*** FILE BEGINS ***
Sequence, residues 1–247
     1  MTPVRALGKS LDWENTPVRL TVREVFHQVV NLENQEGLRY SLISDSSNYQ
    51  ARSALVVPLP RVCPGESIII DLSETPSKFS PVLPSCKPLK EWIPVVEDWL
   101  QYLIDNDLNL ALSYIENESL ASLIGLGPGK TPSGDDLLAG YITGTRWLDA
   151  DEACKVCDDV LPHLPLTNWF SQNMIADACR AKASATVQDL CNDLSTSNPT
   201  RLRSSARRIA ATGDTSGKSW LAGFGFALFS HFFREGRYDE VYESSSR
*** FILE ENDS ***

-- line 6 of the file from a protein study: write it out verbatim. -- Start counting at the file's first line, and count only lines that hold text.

   201  RLRSSARRIA ATGDTSGKSW LAGFGFALFS HFFREGRYDE VYESSSR